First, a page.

Design by Hannah Bright
This year, audiences and critics will be seeing the resurgence and long-awaited return to one of the greatest actors of all time: Al Pacino. One of the most famous method actors is due to appear this year in Quentin Tarantino’s “Once Upon A Time In Hollywood” and Martin Scorsese’s “The Irishman.” He played some of the most iconic characters and appeared in some of the greatest films in cinema; from the cult classic “Scarface” to the action-packed 90s flick “Heat.”
However, none of these films come close to what many have praised as some of the greatest films of all time: The Godfather Trilogy. As credited as one of the greatest villains of all time, Pacino portrayed Michael Corleone throughout all three films. Instead of simply giving you my thoughts on each of the three entries, I find it more fascinating and interesting to discuss the history of how one of the greatest cinematic trilogies came to be. So, sit back and relax. And let’s revisit and discuss the history of “The Godfather” series.
The story begins in 1967. The first film of the series was based on Mario Puzo’s crime novel of the same name. The novel had remained on The New York Times Best Seller list for 67 weeks and sold over nine million copies in two years. Head of Paramount Pictures at the time Robert Evans met with Puzo and offered him a $12,500 deal for the 60-page manuscript entitled “Mafia” after Mario urgently needed $10,000 to pay off gambling debts. In March 1967, Paramount announced their intentions to develop a film based on Puzo’s book for the price of $80,000 with hopes to have it released on Christmas Day in 1971 according to Vanity Fair.
Evans wanted the picture to be directed by an Italian American to make the film “ethnic to the core.” At the time, Paramount’s latest mafia based movie, “The Brotherhood,” was a box office bomb. Evans states the reason for its failure is because of its almost complete lack of cast members or creative personnel of Italian descent. One of the most famous filmmakers of all time, Sergio Leone, was Paramount’s first choice to direct the film. Leone turned down the option and proceeded to work on his own gangster film which would later be known as “Once Upon A Time In America.” Enter Francis Ford Coppola.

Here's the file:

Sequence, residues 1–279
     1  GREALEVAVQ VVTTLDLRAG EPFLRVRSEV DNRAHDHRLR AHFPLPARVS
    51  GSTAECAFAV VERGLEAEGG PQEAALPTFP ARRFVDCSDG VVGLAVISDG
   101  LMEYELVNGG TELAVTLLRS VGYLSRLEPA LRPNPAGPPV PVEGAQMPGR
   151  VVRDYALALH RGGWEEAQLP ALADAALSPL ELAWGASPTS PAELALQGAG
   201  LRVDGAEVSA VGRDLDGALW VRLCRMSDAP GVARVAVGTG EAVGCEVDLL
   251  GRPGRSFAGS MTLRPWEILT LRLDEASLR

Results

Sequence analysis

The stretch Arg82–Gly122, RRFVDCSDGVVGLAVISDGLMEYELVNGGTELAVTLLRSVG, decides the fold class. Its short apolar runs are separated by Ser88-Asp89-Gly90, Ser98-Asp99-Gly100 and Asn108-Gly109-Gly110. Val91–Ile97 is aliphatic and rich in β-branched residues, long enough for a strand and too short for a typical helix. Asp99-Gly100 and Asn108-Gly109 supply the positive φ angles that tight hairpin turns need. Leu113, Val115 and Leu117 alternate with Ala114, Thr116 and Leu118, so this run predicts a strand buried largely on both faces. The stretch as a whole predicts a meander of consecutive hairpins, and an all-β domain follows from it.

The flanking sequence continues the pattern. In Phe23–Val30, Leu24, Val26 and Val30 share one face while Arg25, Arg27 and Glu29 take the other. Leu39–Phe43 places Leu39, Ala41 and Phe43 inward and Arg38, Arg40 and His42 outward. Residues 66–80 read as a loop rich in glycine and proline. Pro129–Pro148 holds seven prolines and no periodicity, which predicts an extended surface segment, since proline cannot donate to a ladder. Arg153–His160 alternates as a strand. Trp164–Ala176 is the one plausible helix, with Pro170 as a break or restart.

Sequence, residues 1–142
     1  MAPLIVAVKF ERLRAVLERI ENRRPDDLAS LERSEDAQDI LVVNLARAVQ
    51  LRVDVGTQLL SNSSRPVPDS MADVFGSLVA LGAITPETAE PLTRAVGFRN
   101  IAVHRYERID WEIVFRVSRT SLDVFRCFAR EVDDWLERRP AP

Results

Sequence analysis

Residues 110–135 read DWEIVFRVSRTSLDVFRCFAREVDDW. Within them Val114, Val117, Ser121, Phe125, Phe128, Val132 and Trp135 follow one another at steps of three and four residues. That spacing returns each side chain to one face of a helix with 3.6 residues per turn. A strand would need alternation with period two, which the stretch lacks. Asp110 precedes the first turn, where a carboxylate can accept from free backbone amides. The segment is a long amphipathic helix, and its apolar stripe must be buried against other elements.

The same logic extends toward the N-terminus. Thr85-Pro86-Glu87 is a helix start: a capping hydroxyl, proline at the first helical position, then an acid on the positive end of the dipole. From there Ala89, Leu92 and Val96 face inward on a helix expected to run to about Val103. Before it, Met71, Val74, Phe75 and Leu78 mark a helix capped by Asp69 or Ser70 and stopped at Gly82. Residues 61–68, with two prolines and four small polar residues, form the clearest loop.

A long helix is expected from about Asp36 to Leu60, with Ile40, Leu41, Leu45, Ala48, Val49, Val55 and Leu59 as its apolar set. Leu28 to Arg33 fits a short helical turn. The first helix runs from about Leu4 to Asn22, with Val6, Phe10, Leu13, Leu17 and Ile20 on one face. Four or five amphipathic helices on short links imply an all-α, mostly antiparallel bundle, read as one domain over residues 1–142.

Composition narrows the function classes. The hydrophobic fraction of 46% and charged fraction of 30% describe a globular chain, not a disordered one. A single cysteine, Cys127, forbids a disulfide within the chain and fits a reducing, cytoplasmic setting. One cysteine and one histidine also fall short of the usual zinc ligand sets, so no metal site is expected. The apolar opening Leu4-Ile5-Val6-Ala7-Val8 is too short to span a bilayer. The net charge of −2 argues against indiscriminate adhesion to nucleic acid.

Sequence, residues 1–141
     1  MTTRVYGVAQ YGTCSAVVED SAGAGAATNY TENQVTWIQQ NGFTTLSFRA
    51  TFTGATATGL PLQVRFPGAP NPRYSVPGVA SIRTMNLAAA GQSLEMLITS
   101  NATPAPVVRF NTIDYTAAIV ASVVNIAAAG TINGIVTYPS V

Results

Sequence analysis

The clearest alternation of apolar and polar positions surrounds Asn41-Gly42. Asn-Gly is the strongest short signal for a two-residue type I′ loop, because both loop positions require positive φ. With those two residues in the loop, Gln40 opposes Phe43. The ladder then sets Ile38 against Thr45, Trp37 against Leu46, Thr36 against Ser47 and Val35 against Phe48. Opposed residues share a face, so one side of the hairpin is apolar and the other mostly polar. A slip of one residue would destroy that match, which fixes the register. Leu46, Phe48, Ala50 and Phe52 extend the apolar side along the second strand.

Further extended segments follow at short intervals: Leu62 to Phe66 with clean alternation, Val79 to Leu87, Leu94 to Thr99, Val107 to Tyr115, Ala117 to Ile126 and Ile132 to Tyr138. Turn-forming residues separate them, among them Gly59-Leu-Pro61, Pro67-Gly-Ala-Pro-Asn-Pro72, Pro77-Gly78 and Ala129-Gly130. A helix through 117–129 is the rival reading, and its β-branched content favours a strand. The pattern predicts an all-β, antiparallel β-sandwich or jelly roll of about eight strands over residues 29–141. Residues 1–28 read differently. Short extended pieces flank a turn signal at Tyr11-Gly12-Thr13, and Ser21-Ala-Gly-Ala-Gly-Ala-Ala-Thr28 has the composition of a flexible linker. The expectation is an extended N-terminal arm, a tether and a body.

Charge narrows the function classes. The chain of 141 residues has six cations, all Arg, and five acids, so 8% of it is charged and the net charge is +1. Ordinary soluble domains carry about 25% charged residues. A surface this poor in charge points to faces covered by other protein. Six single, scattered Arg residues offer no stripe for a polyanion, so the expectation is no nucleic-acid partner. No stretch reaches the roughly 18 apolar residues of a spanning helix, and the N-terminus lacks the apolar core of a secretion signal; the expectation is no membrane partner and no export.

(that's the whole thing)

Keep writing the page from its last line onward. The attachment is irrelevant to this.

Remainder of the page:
Initially, Coppola turned down the job because he thought the novel would be based on as “pretty cheap stuff.” At the time, his studio known as American Zoetrope owed over $400,000 to Warner Bros. for budget overruns with George Lucas’s “THX 1138.” Coupled with this and his poor financial standing, Coppola then reversed his decision and was officially announced to be the director of the film on Sept. 28, 1970.
For the role of Don Vito Corleone, Mario was the first to show interest in having Marlon Brando play the role. He even went out of his way to send Brando a letter stating that he was the “only actor who can play the Godfather.” Despite his wishes, the studio was against having Brando due to the failures of his recent work at the time and his short temper. They pushed for Ernest Borgnine for the part. After months of debate between Coppola and Paramount, Brando was ultimately chosen for the role. A role that would go down in cinema history as one of the most iconic performances of all time.
The casting of Michael Corleone was a complicated one. Nearing the beginning of filming, the casting of this role was not yet finalized. Paramount executives wanted a popular actor at the time to play the role, either Warren Beatty or Robert Redford. Evans wanted Ryan O’Neal to receive the role because of his recent success with “Love Story.” Coppola’s eye for the role was none other than Pacino. For Coppola, he wanted an unknown actor who looked like an Italian-American. However, Paramount executives found Pacino to be too short to play the role. Other famous actors such as Dustin Hoffman, Martin Sheen and James Caan also auditioned for the role. Coppola still pushed for Pacino to play the part and eventually Evans conceded. This would as well go down as one of the most iconic performances of all time.
The film premiered in New York City on March 14, 1972, almost three months after its planned release. Before it premiered, it had already made $15 million from rentals from over 400 theaters. It became a blockbuster and broke tons of records to become the highest grossing film of 1972. It received critical acclaim and has been referred to as one of the most influential films of all time. The film went on to receive 11 nominations at the 45th Academy Awards; winning Best Picture, Best Actor for Brando and Best Adapted Screenplay.